New Year Is It A Time for A New Budget?
Good morning all,
I have been listening to the podcasts as I clean and work on my projects. Jesse in #154 talks about resetting/reviewing the budget for the new year. I was wondering how many do this.
I have never been big on the so calledNew Year Resolutions, but I do look back and reflect, making small changes. However, I can see the start of the new year as a good time to take a hard look at the budget and priorities.
So how do you handle the new year? Total new budget? A hard look, but keep the same budget? Is it just another month?
When I was doing traditional budgeting (non-YNAB method), I started a new Fiscal Year budget each time I got a raise which was yearly. I did this because I was proactively budgeting the expected income instead of waiting for the cash to be on hand. So if my current year income was X and my expenses was Y, I could start the new year with X+Z and then figure out if Z meant a lifestyle upgrade or pay down stuff, etc.
Since I've switched to YNAB, I've found that I don't need to do this at all. If I get a raise, then my Inflow-to be budgeted increases and that's all. Anything extra I budget into my savings bucket. This actually prevents me from proactively trying to spend more. I really like it.
I then can make some better choices about investments, etc.
I think the new year thing is completely arbitrary. People have a psychological need to start things a new but I think its silly just because the month value resets. If you've been doing a good job making changes all year round, then the year doesn't matter. But if it helps you make some new better changes then I say go for it.
I've been using the same budget since I started YNAB in April 2014.
It gets tweaked as priorities change, but I don't see the point in starting a new budget every year. More than half of the categories in our budget are not everyday/monthly, so it would just create more work having to repopulate them with carryover values from the previous budget.
I started a new budget after about 18 months of YNAB. Not so much for a clean start as that I knew more about what I wanted from my budget--I finally brought my retirement in as a tracking account and changed my category structure.
I actually made the move to the new budget the last week of December, though, because I didn't want all my current funds to skew my income for the new year. So I set it up with starting balances on Dec 24th, then started using it as a budget as of 1/1.
But I haven't felt the need to start over since, although I'm glad I did it once.
I've been using the same budget since August 2014 when I started YNAB. I've done one major category overhaul: when I first started my master categories were a mix of temporal (ie Daily, Monthly, Quarterly, and Annual) and functional. At some point (maybe when I moved back to the US in spring '15?), I opted to reorganize my categories into Functional master categories (Everyday, The Home, Vehicle/Transpo, Medical, Finances, Giving & Celebrating, etc).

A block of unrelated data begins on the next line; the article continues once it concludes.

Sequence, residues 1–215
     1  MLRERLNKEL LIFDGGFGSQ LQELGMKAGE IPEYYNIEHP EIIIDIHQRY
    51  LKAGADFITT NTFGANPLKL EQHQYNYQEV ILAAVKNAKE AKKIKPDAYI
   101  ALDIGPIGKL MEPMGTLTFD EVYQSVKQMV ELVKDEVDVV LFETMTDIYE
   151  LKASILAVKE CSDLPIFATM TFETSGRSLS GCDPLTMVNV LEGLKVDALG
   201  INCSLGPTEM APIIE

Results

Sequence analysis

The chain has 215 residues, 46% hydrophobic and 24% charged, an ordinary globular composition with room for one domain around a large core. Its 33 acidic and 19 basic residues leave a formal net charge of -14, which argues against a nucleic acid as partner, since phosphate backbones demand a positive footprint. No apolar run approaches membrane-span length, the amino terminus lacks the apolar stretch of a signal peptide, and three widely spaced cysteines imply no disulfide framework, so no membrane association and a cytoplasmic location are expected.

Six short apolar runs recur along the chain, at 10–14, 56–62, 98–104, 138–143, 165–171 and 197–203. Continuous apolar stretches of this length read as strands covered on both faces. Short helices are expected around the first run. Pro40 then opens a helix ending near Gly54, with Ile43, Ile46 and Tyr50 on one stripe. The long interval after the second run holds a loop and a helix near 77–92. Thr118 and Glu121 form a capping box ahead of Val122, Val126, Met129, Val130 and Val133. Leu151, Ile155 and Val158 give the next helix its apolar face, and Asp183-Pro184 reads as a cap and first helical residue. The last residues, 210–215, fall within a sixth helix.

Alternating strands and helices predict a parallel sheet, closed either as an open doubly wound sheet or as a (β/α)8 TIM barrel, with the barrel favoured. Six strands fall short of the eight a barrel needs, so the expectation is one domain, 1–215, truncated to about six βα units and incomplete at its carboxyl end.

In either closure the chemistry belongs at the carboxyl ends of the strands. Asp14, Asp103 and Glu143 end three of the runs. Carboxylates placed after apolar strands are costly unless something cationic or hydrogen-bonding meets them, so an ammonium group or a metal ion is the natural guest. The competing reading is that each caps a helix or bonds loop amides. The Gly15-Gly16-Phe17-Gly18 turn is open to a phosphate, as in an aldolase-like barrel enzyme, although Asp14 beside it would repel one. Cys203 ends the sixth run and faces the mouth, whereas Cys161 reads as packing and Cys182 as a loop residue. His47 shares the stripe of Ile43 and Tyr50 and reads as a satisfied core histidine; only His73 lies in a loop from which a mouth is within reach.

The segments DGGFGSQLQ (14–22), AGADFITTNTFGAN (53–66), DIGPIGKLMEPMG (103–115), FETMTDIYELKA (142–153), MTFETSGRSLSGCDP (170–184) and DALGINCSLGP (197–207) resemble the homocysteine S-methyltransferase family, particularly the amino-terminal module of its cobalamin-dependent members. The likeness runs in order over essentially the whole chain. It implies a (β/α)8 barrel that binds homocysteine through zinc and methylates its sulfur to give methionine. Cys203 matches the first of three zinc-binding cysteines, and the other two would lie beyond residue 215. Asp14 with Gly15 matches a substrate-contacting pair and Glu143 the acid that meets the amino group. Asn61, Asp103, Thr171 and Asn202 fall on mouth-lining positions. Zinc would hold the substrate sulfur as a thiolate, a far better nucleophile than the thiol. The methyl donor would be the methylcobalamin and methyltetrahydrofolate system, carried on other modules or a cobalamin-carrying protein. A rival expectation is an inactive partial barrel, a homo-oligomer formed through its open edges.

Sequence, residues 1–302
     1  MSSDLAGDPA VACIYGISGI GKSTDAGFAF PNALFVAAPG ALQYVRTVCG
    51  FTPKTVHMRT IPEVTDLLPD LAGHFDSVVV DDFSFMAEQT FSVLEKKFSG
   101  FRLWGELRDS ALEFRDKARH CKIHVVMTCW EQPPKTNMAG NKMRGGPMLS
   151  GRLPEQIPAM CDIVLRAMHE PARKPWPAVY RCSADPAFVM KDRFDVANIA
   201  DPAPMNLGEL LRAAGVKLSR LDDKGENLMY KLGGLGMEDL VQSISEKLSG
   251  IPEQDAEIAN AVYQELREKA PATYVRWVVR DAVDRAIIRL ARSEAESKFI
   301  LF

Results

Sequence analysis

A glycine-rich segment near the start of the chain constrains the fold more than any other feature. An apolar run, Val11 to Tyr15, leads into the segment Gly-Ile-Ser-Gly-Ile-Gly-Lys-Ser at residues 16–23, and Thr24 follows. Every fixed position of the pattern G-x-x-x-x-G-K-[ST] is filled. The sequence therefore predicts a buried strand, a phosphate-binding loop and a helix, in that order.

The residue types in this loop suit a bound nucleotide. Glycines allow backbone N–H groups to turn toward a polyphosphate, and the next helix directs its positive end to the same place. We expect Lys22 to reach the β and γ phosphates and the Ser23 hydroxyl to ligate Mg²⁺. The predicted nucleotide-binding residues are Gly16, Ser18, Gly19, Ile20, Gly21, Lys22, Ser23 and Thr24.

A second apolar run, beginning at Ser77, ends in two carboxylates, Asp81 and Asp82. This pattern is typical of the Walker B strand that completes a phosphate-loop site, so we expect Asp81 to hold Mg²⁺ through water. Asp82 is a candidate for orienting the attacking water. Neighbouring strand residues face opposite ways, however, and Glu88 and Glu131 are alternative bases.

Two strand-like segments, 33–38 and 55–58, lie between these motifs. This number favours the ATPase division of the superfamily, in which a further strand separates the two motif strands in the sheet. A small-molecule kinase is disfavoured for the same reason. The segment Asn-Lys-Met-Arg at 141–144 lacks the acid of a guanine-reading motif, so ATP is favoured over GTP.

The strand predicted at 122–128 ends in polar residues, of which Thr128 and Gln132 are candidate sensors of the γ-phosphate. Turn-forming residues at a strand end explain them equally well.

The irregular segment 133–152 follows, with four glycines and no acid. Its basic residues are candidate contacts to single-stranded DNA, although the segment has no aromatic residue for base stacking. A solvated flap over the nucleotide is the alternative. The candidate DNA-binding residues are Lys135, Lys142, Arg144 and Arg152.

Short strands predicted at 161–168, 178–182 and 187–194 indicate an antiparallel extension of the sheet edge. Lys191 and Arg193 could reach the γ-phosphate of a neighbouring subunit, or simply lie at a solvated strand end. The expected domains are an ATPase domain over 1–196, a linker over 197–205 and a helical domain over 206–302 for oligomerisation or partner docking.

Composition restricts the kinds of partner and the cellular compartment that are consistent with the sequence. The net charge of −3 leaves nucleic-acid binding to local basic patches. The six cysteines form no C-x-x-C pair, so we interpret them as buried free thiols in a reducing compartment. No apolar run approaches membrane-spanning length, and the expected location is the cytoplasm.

Oh, and because I was being kinda willy-nilly on what I was saving up for in terms of my discretionary "I kinda want this thing" stuff, I did make a Wish List master that is more of a scratch pad of things I may want but nothing in there gets funded and as I decide that hey, yeah I do want it, I move it into the Wish Farm category to save up for it.
I also don't believe in New Year's Resolutions. If I want to make a change or start doing something, I do it now rather than wait for a random date.
When I started I didn't have a clue where to start so I simply jumped in. After about a year 4 was replaced and I moved over. Guess by that time I had a clue what I wanted my architecture to look like. Since then I've played with it some but not enough to need restart. I like having all the history. I like knowing that the "average" entries are based on some real data. Most importantly I'm enjoying the "available" amount increasing.
If you don't have your structure set up, by all means, start over until you get it. It can be freeing and help find your true goals.
I'm thinking about adjusting some of the amounts I've built up in a few categories. Would like to finally get started on a bond ladder and would have to find $2K in order to fund the one I want. Believe that is what I'm going to do to celebrate this New Year, start my bond ladder. And then every year from now on I hope to fund another one.
I am pretty happy with my structure, I have made little tweaks here and there since I started YNAB about 6 months ago.
I might use the New Year to review and plan there are several goals that I want to start funding. I don't go to parties and such and it seems a better option than popcorn and action movies.
I guess I technically created a new budget when I switched from YNAB4 to nYNAB - I think importing was totally broken so I just spent time (a lot of time) recreating my YNAB4 budget as faithfully as possible in nYNAB - but I think of myself as having the same budget since I started with YNAB4 in Aug 2015.
I like having the historical data you get with retaining a budget and I've never had a reason to need a fresh start so why bother going through the onerous process of recreating something that was already working pretty well?
That said, I have done several overhauls related category structure/organization. Early on I thought granularity would complicate budgeting, but I learned that -for me at least- a high level of granularity actually makes my budgeting SO MUCH EASIER. I have nearly 70 categories but the majority are set and forget except the 1-2 time per year I use the money for it's intended purpose.
In the past I've treated Jan as just another month, but I'm sure it's never a bad idea to use that time to look over the past year and see if adjustments would make things go more smoothly in 2018. I'm an unabashed budget tinkerer, so I tend to make small adjustments as I see issues (read: over spending) arise